Section threeFood and Land Use
The global food and land use system is at a pivotal moment. Continuing down our current path will undermine the world’s ecological foundations. It will also contribute significantly to a series of challenges, including rural poverty, social conflict, hunger, obesity, malnutrition, biodiversity loss, soil erosion, and climate change. Fix it, however – based on tried and tested policy reforms, better agricultural techniques and financial instruments, and the innovations these measures are sure to catalyse – and our food and land use system could instead provide stronger and more equitable rural socioeconomic development, deliver over one-third of the climate change solution,1 keep secure our vital biodiversity, and generate massive improvements in public health. There is a clear economic case for fixing this broken system: Recent analysis has shown that developing sustainable food and land use-business models could be worth up to US$2.3 trillion and provide over 70 million jobs by 2030.2 In short, the transition to sustainable food and land use systems represents an opportunity that no country, nor indeed the world, can afford to ignore. Not making the transition, meanwhile, entails risks and costs that no responsible leader should accept.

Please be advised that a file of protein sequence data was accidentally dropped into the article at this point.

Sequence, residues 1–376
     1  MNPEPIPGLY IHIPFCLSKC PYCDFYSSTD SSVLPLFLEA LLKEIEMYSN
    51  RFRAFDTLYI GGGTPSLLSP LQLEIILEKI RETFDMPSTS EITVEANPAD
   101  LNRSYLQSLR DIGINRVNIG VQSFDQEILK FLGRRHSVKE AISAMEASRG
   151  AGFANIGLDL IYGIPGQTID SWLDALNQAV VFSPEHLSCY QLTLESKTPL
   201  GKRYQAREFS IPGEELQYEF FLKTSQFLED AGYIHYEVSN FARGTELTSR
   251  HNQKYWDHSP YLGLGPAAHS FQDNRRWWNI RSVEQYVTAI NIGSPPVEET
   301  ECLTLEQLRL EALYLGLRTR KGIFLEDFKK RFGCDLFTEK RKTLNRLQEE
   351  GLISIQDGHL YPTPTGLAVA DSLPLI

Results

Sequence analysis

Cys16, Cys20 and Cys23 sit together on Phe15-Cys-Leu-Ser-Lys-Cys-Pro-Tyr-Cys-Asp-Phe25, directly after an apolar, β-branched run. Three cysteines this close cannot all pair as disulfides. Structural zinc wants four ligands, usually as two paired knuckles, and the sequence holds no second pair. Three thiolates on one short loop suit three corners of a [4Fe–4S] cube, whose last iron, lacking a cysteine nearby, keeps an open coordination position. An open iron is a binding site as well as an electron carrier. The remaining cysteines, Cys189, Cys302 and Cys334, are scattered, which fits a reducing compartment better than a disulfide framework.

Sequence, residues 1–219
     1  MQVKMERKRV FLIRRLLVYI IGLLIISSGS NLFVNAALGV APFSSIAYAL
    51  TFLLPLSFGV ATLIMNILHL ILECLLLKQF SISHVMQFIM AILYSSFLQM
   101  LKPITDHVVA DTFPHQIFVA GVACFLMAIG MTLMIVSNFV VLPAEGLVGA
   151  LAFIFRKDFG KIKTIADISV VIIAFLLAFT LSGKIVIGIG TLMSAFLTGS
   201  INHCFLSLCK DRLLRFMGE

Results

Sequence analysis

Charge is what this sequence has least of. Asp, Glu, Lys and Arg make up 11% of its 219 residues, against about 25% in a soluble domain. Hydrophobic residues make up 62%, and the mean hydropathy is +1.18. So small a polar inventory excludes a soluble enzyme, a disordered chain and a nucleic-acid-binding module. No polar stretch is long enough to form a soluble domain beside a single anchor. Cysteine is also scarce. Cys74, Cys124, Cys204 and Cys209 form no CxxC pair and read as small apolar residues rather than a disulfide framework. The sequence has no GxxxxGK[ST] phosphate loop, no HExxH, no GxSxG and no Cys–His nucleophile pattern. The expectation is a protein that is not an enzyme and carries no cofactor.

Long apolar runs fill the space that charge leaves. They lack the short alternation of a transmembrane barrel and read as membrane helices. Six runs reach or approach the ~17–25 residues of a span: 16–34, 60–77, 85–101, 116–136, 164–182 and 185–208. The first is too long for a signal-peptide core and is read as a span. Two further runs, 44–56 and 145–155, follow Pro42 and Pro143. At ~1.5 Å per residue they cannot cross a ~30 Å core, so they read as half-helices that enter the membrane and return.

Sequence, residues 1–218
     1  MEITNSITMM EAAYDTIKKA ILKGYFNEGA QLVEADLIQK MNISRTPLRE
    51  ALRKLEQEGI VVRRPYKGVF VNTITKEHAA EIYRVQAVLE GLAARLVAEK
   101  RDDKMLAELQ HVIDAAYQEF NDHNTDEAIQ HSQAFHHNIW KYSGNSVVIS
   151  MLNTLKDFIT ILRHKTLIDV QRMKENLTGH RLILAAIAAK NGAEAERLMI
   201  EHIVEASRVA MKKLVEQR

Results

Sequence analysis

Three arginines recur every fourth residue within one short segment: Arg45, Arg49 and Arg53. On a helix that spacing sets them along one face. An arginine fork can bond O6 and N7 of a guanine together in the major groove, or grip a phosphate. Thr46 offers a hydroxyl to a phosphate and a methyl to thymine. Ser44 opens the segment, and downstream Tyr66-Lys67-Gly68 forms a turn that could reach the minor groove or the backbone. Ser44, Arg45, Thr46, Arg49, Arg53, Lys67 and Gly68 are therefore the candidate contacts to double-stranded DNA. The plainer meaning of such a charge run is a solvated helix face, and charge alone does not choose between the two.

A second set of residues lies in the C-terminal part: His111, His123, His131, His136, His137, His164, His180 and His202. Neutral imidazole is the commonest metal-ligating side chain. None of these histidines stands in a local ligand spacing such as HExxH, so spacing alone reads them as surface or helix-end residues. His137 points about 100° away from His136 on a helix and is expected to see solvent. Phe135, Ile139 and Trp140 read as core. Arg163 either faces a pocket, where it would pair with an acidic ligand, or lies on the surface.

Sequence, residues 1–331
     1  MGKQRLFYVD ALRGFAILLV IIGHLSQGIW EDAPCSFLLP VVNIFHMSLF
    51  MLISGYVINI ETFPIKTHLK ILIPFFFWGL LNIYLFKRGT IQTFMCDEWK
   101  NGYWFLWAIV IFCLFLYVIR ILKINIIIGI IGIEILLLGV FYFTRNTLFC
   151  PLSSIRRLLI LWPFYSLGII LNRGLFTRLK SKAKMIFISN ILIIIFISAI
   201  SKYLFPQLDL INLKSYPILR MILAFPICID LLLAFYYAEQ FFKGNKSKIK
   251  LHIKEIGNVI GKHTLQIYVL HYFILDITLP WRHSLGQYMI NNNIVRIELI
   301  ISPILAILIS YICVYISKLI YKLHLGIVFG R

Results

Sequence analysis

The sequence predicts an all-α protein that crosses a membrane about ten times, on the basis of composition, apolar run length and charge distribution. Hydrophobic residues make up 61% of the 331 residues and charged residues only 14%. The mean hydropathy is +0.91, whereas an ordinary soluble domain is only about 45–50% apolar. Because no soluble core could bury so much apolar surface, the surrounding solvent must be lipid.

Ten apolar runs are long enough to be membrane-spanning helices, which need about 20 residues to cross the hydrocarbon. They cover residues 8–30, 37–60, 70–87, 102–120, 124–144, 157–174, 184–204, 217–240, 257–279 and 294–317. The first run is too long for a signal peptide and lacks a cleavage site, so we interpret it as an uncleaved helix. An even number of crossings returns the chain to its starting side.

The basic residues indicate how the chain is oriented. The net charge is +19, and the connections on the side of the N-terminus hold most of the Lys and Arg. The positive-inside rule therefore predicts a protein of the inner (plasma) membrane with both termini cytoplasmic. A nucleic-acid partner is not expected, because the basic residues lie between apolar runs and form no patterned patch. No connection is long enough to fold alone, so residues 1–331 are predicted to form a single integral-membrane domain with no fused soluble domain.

Current trends are disturbing. Despite the scale and urgency of this problem, today’s food and land use system is failing to generate sufficient innovation, investment and attention.3 Forest-related finance for countries with high rates of deforestation accounts for less than 3% of global climate mitigation-related development funding (see Box 32 on Finance for Food and Land Use).4 Global demand for land to grow fuel, feed, and fibre is driving widespread deforestation and forest degradation, with just four commodities – palm oil, soy, beef, and wood products – accounting for more than 40% of tropical deforestation.5 The effect on natural infrastructure is alarming: Biodiversity has declined by more than a quarter in the past 35 years.6 The ramifications of broken food and land use systems on public health are also significant and growing. The convergence of global eating habits on resource-intensive Western-style diets – with the associated commodity consumption driving increased deforestation – is a major contributor to the rise of diet-related, non-communicable diseases that are rapidly becoming a leading cause of human mortality.7 Around 2 billion people are obese or overweight.8 At the same time, persistent inefficiencies and inequalities in the food system continue to leave 815 million people hungry9 while a third of all the food that the world produces is lost or wasted.10 Sticking with our current, unsustainable consumption models will only push these systems further out of balance as the global middle class, with higher incomes and consumption patterns, is expected to number 2.6 billion by 2025, with over 70% of that expansion in emerging markets.11